"Daniel" <dxmm_at_albury.nospam.net.au> wrote in message
news:ik84v.62219$%x6.35160_at_fx16.iad...
On 18/04/14 00:32, Uncle Peter wrote:
I just got some solar garden lights, and they seem to power an LED
(colour changing) from a single 1.2V NiMH. Can you get LEDs with a
forward voltage that low, or does it have a booster in it? All I can
see is a microchip (one of those black blobs so I don't know what's in
it), a capacitor, and a resistor.

LED's are Light Emitting Diodes, so can work from about 0.6V .... or
even
lower maybe!

URA dumbass!

Red LEDs weigh in at about 1 3/4V, green at just over 2V and white at
about
3.4V.

Most garden lights have a 2 transistor oscillator driving a flyback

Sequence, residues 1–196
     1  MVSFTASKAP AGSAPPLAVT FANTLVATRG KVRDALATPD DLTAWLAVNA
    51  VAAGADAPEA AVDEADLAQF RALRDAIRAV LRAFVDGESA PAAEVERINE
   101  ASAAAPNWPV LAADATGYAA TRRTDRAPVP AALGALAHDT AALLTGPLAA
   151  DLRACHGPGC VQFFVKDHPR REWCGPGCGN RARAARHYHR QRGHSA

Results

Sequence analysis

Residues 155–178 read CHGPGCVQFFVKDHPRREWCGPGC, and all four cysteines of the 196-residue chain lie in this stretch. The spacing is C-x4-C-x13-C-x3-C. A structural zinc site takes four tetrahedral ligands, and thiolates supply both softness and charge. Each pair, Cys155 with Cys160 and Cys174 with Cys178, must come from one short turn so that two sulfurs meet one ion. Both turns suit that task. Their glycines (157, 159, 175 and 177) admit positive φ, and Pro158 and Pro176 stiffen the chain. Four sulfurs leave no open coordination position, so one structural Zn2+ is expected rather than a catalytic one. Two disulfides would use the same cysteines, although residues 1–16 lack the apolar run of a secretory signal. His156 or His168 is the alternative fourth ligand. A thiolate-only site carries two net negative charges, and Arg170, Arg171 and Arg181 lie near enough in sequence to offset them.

inductor
to generate a higher voltage than the 1.2V battery - increasingly now you
find a custom chip that integrates the daylight shut off function when
sunlight activates the solar cell.

The latter sounds like mine, as apart from the chip blob (why are they
blobs? is that some kind of dust and water shield?) the only other
components are a capacitor and a resistor (and of course the battery, LED,
and solar cell).


Some chips are available as the bare die which is glued to the PCB and the
wire-bonds are made direct to the PCB tracks. They just drop a blob of poxy
glue on it instead of it having regular encapsulation.

The 'resistor' is more likely a molded RF choke - it takes a bit of practice
to tell them apart.

Uncle Peter
Guest

Tue May 06, 2014 12:18 am   



On Mon, 05 May 2014 18:15:33 +0100, Ian Field <gangprobing.alien_at_ntlworld.com> wrote:

Quote: